Two-day shipping is fast and comes standard with an Amazon Prime membership, but we regularly had items delivered even faster, as in the following day. Shipping from our previous vendors took longer, and faster shipping led to the easiest time savings of all the changes we implemented. Depending on proximity to your library and order volume other vendors may be able to compete with Amazon’s two-day shipping, but overall I suspect Amazon has the most competitive shipping options for a majority of libraries, which is an important advantage. Whichever vendor you go with, you should need—and want—the fastest shipping you can afford.

For nearly all of our orders (90%+) the entire process took five business days or less and a majority of items were available for patrons two to three business days after the order was placed. On a number of occasions someone asked for an item and it was hand delivered to them the following afternoon. Research has shown quick turnaround times to be a driver of patron satisfaction and, indeed, at CGCC reaction to such quick turnaround times was positive (Hussong-Christian and Goergen-Doll, 2010). People were amazed that it was even possible for their item to be available so quickly because the fast shipping meant that in many cases we were faster than if they’d purchased the item from Amazon themselves. While most positive feedback CGCC received on this point was anecdotal, patron surveys from this period capture an increase in satisfaction with library services. This suggests that, overall, our efforts to improve services—including more responsive acquisitions—were working. Being responsive to our patrons’ needs and fulfilling their requests quickly helped to cement the library in their consciousness as a viable option for obtaining materials.

Things to Think About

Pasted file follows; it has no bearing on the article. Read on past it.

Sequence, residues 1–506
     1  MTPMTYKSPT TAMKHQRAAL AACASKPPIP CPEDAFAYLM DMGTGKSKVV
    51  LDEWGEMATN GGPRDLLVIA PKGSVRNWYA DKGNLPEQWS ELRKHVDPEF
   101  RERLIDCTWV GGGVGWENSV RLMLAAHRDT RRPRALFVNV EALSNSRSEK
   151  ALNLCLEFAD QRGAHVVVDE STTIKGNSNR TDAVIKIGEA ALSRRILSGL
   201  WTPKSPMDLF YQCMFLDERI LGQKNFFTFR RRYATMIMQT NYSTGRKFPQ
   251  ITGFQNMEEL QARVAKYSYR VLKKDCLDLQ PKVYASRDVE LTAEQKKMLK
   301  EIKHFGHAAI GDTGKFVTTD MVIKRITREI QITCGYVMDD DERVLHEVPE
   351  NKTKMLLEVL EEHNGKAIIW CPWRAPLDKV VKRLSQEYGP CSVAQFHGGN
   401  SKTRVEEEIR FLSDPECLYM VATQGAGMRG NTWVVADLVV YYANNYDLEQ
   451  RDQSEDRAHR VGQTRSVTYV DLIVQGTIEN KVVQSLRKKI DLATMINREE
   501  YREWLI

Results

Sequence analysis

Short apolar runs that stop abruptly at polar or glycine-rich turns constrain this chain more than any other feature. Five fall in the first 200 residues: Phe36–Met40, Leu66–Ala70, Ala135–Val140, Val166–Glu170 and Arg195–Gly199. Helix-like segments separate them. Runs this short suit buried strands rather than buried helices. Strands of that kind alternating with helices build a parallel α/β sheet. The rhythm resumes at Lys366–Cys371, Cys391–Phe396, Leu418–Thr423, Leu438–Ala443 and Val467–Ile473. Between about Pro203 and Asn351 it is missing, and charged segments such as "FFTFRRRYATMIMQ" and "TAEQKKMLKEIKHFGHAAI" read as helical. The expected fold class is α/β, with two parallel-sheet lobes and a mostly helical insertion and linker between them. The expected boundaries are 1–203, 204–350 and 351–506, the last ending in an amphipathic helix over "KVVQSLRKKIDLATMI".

While CGCC’s experience was a resounding success, there are a number of constraints and drawbacks to keep in mind. One prominent constraint is size. CGCC is a small academic library that spends approximately $14,000 annually on physical books and media. We seldom ordered multiple copies nor did we automate any of our acquisitions through the use of standing orders. Instead, we relied primarily on two related ways to track expenditures and ensure allocated funds would last the entire year. The first way stemmed from the fact that we knew a $14,000 budget meant we could spend a little over $1,100 per month. When we placed an order we would note basic information—date, amount, number of titles and PO number—in a simple spreadsheet that made our expenses to date easy to see. At the same time, we established multiple open purchase orders for a given category of materials (e.g. books or media), each for a portion of our total budgeted amount. For example, we might start the fiscal year with a $2,500 PO for books and a $1,000 PO for media, understanding that those amounts were expected to cover purchases for about three months. We established new POs quarterly before the existing POs were exhausted. In short, once our allocation for the year was established we determined roughly how much could be spent per month and stuck to it. If we went a little over one month we compensated for it the following month.